- Wiener Börse, one of the largest stock exchanges in Central Europe, listed its first exchange-traded product (ETP) for Bitcoin and Ethereum.
- This is the latest event in a growing trend of fintech companies giving mainstream investors more regulated access to cryptocurrency.
- These ETPs might also miss part of the underlying value of cryptocurrency and pose undesirable consequences.
Wiener Börse, one of the largest Central Europe-based stock exchanges, today listed its first cryptocurrency product. While this appears like a strong adoption signal, these exchange-traded products (ETPs) might also be the latest event in a growing trend that ultimately devalues cryptocurrency, regional experts say.
Issued by Swiss-based fintech firm 21 Shares AG, this single-asset product, which will trade under the ticker symbol ABTC, seeks to track both the investment results of Bitcoin, the world’s largest cryptocurrency by market capitalization, and its second-place contender, Ethereum.
In other words, Wiener Börse clients will now be able to get exposure to cryptocurrency from a regulated trading platform, without having to directly buy the cryptocurrency on their own.
“We are happy to share that Bitcoin is now accessible everywhere for both retail as well as institutional investors across the entire DACH region [of Germany, Austria, and Switzerland],” said Hany Rashwan, CEO of 21Shares AG, in a press release.
Although listing on the Vienna-based stock exchange is a milestone, it is not 21 Shares’ first crypto- or even Bitcoin-focused ETP. At the beginning of July, its Bitcoin ETP was listed on Deutsche Börse’s Xertra trading platform. And in 2018, the company launched its first cryptocurrency ETP basket (HODL) composed of 48.6 percent Bitcoin, 30.89 percent Ethereum, 12.54 percent Ripple, 3.01 percent Bitcoin Cash, and 2.95 percent Litecoin as of September.
This event is the latest sign of a growing trend by fintech companies to give mainstream investors more regulated access to cryptocurrency. In turn, it also signals further acceptance of cryptocurrency by both institutions and regulators.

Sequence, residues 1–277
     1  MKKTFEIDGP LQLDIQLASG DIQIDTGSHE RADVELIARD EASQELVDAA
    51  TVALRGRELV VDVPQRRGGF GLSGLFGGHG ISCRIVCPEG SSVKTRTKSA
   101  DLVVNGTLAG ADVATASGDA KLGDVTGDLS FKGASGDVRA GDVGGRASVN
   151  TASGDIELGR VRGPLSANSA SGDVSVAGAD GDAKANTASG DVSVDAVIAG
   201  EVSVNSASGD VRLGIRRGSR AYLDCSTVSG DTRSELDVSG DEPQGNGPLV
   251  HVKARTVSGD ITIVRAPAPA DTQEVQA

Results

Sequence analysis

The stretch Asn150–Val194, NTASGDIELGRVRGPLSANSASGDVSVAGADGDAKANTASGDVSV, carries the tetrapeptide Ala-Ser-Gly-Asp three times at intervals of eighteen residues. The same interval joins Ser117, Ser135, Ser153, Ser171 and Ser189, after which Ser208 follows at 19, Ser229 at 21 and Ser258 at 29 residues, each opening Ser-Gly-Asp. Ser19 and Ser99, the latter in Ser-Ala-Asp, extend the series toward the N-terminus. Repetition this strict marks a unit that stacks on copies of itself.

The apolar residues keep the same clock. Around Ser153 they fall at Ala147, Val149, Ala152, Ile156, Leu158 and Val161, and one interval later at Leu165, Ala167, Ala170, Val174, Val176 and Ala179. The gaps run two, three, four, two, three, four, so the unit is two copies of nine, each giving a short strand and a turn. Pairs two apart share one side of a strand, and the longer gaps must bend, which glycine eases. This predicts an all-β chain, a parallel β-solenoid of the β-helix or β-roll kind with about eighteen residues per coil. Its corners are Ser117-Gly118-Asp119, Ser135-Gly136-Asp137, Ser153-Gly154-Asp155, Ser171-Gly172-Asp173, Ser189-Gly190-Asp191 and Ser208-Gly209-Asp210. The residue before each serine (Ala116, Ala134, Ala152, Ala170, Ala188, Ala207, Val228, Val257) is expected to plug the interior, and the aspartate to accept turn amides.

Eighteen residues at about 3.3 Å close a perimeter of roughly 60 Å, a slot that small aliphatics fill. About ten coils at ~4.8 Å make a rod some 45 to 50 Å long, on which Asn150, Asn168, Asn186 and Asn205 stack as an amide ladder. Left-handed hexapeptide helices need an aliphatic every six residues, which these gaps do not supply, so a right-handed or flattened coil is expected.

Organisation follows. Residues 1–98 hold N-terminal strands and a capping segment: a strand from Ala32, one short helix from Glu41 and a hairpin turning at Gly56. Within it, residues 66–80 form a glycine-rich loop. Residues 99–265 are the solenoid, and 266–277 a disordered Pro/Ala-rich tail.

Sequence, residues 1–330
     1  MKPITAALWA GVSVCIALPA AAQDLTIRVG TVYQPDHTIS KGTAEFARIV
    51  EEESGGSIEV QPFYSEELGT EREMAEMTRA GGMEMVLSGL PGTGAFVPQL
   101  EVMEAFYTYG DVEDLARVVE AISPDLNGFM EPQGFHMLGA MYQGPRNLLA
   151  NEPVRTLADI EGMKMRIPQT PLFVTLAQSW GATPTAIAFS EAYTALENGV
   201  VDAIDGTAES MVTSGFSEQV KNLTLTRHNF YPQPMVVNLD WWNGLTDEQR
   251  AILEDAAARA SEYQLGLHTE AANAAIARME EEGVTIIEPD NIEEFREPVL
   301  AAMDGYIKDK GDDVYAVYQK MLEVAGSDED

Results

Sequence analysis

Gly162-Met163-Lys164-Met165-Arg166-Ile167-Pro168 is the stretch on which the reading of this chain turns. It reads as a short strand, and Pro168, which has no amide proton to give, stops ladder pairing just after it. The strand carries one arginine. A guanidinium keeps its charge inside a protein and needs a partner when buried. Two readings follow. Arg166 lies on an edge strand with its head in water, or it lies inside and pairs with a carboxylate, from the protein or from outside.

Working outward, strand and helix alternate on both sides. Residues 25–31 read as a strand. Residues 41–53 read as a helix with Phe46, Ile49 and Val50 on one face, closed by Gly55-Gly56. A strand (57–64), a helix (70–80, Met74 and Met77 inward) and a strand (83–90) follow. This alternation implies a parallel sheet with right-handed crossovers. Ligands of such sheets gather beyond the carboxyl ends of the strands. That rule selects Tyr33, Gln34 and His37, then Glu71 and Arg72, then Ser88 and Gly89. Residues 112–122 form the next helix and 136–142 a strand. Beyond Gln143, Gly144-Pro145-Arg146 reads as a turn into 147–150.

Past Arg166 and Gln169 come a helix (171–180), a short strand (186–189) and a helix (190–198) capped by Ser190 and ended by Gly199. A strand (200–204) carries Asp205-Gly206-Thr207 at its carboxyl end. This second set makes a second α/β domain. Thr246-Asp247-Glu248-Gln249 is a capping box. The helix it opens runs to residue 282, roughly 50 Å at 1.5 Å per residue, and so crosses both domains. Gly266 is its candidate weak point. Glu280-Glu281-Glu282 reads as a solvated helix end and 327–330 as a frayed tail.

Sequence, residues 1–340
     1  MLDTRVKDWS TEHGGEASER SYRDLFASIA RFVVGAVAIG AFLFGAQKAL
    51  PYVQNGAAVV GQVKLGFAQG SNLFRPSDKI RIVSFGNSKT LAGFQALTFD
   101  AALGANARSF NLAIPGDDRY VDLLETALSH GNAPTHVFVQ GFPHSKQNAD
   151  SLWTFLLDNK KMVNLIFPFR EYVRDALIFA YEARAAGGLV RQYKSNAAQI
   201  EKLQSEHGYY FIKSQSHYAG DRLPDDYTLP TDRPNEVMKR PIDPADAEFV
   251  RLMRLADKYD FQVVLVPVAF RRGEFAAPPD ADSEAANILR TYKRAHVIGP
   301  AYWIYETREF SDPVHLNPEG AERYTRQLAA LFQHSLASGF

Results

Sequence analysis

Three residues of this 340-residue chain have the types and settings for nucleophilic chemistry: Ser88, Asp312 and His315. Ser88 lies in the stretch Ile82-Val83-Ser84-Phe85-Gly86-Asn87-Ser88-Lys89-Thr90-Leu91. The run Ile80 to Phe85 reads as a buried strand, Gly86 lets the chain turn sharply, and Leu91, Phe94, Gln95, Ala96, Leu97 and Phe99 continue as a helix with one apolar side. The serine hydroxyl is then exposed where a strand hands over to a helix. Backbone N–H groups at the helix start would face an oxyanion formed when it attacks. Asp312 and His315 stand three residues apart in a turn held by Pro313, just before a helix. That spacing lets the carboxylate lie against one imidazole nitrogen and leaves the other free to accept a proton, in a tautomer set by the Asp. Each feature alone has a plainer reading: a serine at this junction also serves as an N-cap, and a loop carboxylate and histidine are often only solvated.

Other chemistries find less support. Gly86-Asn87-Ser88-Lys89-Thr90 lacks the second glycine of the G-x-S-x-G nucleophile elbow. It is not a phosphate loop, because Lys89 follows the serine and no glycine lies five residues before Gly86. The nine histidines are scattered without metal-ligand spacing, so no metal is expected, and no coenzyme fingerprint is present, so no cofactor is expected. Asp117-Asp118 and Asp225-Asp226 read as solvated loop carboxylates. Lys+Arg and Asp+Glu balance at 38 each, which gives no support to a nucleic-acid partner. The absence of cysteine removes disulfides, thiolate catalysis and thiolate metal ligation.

While positive for adoption, there is also concern that onboarding new investors into cryptocurrency through ETPs misses the point of cryptocurrency.
Highlighting both points is Anita Posch, host of the Bitcoin & Co. Podcast and a board member of Bitcoin Austria, a regional nonprofit organization that has provided Bitcoin education since 2011.
Though Posch celebrates how far Bitcoin has come in Austria, she is also quick to point out the drawbacks of more people getting into cryptocurrency through these types of investment products.
Over a Twitter exchange with a 21 Shares research associate, she stated that she prefers that people hold their own keys when buying Bitcoin instead of purchasing it via a third party. Maintaining one’s private keys to Bitcoin addresses is considered an essential security and ownership measure by most Bitcoin experts and enthusiasts.
In an interview with Decrypt, Posch also pointed to the fact that the global exchange Coinbase will secure the ETP’s underlying Bitcoin.
“Basically it's a security product to own non-custodial (Coinbase) bitcoin,” said Posch. “That means you now have three intermediaries, although the basic idea of Bitcoin is to empower the individual and eliminate intermediaries and all those financial constructs that led to the banking crisis in 2008.”
Posch’s point is that the creation of ETPs could eventually lead cryptocurrency into the same traditional finance mismanagement that Bitcoin was purportedly created to prevent.
Additionally, she said, ETPs enable a dangerous reality that cryptocurrency exchanges like Coinbase can “[grow] so big that they can influence the direction of Bitcoin development.”
What’s more, Posch stated any exchange securing an ETP that does not frequently prove its reserve supply of funds could risk insolvency through rehypothecation, a practice where a bank or broker uses the funds given to them as collateral by their clients for their own investing purposes. This was a common practice in the United States until the 2007 collapse of Lehman Brothers, which subsequently contributed to the 2008 financial crisis—and, indirectly, the birth of Bitcoin.
Although opening a more regulated path for the less experienced might seem like an obvious windfall, at least in the short term, crypto purists might be shaking their heads.